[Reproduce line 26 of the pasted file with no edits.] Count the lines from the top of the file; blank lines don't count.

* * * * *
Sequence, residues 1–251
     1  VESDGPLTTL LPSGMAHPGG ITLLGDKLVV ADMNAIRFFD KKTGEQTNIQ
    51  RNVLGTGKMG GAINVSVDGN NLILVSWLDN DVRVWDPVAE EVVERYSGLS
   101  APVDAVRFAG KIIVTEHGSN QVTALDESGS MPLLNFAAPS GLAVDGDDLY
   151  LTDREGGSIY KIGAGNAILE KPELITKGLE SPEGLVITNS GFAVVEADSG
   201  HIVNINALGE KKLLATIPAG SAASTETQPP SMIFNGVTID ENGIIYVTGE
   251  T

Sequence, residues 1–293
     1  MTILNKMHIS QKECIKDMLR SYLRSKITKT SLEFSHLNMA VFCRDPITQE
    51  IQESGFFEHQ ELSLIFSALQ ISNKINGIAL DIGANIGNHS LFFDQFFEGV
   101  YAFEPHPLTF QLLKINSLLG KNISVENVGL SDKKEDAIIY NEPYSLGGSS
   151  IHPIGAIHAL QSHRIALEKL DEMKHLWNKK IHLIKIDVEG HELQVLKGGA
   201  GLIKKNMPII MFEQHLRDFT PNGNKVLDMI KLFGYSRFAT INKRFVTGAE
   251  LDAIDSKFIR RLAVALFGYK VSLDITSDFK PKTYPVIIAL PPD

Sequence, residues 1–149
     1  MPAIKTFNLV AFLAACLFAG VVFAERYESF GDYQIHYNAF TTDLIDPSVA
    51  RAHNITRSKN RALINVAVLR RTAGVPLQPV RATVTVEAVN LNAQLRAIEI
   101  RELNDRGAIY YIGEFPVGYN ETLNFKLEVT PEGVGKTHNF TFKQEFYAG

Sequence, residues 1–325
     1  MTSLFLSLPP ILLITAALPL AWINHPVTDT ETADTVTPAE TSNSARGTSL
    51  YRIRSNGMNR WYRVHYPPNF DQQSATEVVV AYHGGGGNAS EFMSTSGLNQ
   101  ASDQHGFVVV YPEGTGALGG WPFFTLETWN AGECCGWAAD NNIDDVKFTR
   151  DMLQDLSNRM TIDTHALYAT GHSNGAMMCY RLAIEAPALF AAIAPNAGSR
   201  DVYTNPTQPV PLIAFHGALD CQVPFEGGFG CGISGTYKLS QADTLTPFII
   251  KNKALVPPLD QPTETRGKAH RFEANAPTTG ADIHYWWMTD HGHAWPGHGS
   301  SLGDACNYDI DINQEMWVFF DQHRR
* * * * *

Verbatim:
   301  SLGDACNYDI DINQEMWVFF DQHRR